Alongside a national agenda to increase STEM (science, technology, engineering, and mathematics) literacy, there is a parallel track of growing attention being placed on creativity.
Conversations such as "What is the role that creativity plays in science?" have transitioned from esoteric musings to home-page-feature articles, giving the public an opportunity to embrace creativity as a topic that extends outside the art room.
In a 2010 IBM research study involving over 1,500 CEOs from more than 60 countries, the number-one core leadership competency for future success was identified as -- drum roll, please -- creativity.
Individuals in STEM leadership positions are tasked to apply novelty to the way in which they go about visioning, strategizing, and planning.
If we are to expect the children of today to become tomorrow's STEM leaders and professionals, we need to look at what we are doing to nurture, grow, and prepare them for these roles. We have to look at how we are raising creative and critical thinkers who are equipped with inquiry-based and scientific reasoning skills. This is what wakes me up, along with the rest of the Camp Invention staff, each morning.
As a trained practitioner and facilitator of creativity from the International Center for Studies in Creativity at SUNY Buffalo State, and having spent my career as an informal science educator in a variety of settings, I have lived in the overlap of this Venn diagram of creativity and science for the last decade.
In this space I have observed a multitude of relationship-building "playgrounds" for creativity and science. Here are five that rise straight to the top:
1. Galileo's Problem
Problem finding is a key component of the creative problem-solving process. In The Evolution of Physics (1938, p. 95), Einstein and Infeld offered the following:
The formulation of a problem is often more essential than its solution, which may merely be a matter of mathematical or experimental skill. To raise new questions, new possibilities, to regard old problems from a new angle, requires creative imagination and marks real advance in science.
This assertion was stated in relation to Galileo formulating the problem of determining the velocity of light but not solving it. Effective problem solving requires working on the right challenges, a particularly important consideration in the highly competitive arena of obtaining resources for STEM endeavors.
2. Unlocking Solutions
I have had the opportunity to ask National Inventors Hall of Fame (NIHF) inductees, as well as Collegiate Inventors Competition finalists, to fill in the blank of the following phrase: "Inventing is_____." The majority of the Inductees, including Eric Fossum, inventor of the CMOS Active Pixel Image Sensor Camera-on-a-Chip, filled in the blank with "problem solving."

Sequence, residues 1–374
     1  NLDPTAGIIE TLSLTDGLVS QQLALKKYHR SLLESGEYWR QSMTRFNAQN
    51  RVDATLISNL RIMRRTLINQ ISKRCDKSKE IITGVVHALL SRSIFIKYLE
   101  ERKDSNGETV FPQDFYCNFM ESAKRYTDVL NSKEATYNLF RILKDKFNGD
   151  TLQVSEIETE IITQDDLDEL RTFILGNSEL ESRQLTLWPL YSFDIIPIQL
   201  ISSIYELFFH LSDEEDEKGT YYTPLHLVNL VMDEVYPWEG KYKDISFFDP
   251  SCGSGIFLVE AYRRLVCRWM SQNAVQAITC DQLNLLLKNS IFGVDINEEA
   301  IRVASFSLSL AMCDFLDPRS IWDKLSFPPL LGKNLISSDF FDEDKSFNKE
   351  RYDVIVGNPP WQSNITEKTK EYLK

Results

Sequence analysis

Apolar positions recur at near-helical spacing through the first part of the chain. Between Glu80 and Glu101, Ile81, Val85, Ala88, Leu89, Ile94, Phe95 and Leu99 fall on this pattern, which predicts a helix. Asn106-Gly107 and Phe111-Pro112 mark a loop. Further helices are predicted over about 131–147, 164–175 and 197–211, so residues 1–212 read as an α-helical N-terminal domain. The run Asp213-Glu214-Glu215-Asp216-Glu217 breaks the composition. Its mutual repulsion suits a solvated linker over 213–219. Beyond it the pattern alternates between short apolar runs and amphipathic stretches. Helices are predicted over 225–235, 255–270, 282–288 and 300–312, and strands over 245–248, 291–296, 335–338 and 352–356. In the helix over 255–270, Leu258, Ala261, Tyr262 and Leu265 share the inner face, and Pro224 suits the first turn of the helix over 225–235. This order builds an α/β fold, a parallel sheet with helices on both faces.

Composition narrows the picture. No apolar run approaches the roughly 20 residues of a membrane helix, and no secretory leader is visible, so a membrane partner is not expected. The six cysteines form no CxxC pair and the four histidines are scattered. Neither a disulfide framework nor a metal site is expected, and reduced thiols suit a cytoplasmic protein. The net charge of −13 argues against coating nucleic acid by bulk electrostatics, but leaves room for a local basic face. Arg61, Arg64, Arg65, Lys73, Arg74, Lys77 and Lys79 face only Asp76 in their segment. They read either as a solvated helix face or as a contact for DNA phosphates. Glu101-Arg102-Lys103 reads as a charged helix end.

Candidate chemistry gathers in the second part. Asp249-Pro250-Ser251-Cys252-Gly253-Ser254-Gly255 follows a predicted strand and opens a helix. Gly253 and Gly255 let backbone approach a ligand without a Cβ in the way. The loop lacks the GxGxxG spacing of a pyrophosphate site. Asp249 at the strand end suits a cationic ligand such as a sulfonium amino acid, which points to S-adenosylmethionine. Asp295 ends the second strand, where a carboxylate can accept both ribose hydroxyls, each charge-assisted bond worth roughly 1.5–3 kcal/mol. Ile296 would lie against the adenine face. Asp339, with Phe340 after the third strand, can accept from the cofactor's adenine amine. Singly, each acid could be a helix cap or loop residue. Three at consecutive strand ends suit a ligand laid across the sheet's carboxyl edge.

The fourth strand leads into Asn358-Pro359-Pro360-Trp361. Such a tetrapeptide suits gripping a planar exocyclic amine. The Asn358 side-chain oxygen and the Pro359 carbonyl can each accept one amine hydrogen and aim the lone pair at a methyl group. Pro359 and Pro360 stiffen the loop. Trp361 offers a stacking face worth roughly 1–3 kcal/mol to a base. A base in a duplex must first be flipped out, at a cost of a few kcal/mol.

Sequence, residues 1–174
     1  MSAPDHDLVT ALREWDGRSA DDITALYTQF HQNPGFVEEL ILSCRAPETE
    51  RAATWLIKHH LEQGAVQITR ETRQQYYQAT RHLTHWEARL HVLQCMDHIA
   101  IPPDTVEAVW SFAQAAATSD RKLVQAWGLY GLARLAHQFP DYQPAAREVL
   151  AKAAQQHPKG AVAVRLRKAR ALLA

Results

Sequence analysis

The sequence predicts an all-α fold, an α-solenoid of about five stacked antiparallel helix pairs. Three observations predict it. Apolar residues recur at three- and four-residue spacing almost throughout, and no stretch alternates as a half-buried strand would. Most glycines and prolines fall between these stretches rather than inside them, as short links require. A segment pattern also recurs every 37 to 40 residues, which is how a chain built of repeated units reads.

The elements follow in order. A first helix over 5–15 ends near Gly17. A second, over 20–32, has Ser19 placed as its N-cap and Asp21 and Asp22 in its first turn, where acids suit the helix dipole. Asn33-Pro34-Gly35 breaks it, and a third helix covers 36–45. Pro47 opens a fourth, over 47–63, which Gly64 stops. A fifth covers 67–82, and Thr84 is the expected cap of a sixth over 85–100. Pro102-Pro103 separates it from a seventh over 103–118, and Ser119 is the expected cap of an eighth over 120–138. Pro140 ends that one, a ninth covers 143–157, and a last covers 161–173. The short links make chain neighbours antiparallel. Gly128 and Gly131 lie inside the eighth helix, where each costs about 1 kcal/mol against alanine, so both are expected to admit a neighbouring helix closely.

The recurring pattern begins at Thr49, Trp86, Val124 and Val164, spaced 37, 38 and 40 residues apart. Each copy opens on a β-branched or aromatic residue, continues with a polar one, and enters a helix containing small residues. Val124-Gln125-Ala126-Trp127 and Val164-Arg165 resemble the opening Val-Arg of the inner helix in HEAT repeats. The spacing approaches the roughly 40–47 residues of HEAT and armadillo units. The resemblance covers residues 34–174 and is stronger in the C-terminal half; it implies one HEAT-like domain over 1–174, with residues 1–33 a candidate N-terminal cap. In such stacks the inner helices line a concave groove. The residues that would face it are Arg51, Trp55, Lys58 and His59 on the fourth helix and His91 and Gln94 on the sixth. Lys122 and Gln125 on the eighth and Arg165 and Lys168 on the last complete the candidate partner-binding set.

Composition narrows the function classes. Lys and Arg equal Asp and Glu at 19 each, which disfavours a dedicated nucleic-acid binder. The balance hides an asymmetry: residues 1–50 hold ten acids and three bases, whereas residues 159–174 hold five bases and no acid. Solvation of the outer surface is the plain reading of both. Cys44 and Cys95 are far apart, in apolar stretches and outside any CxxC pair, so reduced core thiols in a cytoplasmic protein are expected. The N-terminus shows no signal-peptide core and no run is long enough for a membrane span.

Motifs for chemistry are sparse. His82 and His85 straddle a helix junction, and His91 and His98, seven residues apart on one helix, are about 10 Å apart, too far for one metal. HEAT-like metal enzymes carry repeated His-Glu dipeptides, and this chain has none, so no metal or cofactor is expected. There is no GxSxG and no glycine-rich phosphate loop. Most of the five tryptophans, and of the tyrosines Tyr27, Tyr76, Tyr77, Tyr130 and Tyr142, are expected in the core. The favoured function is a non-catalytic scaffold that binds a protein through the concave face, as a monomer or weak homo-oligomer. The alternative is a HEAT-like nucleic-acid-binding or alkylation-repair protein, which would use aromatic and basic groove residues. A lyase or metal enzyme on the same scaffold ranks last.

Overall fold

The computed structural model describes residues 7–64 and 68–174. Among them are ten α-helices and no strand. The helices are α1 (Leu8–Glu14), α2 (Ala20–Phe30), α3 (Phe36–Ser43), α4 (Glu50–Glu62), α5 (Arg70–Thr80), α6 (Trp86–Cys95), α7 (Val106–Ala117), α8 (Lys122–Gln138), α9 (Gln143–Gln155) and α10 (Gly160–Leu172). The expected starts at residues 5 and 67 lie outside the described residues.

If inventors use STEM as a toolbox to turn their ideas into realities, and if problem solving is a primary tool in the box (housed in the cool part that folds out when you open the top), then we can think of creativity as the key to unlock the toolbox.
3. What Is in the Box?
If you ask any scientist about the exact nature of the work that they do, it is very likely that they will describe the tools that they use. The creativity field is prolific in tools to enrich, focus, and enhance the work of scientists and science educators. At base level, there are fantastic idea-generating tools, decision-making matrices, prioritization techniques that make planning enjoyable (or at least less painful), and workshop formats to ignite innovation. Beyond traditional tools, however, some of the most powerful offerings from the field of creativity involve the nature of the language that is used to find, navigate, and solve challenges (which really are opportunities awaiting solutions).
4. Making, Creating, and Collaborating
One of the most exciting playgrounds for creativity and science has been cultivated by the Maker Movement -- DIY meets fabrication meets collaboration and STEAM-based community building. Individuals who would not necessarily describe themselves as scientists or technologists are accessing equipment that is allowing them to express their creativity in ways once thought to be restricted to the Jetsons.
In addition, children's out-of-school-time programs, like this summer's line-up from my home base of Camp Invention, and workshops in museums, such as the Exploratorium's Tinkering Studio, are creativity and innovation incubators for dynamically exploring STEM.
5. Designing Change
Social innovation is on the rise, and design thinking is serving as its rocket ship. It is a platform where creativity and STEM work hand-in-hand, and the rewards for their integration have the potential to change billions of lives.
As I was writing this blog post, I asked my 3-year-old what he thought creativity and science have to do with each other. With a glimmer in his eye, he said, "I think that is insperiments."
I remember seeing the same glimmer in the eye of NIHF inductee Robert Willson, inventor of the plasma screen, as he filled in the blank of my interview statement starter. He said, "Inventing is creativity."
I look forward to further insperimenting and exploring how we might fill in more of the blanks of STEM by recognizing and fostering its relationship with the 21st-century skill of "creativity."
Follow Jayme Cellitioci on Twitter: www.twitter.com/freechoicelearn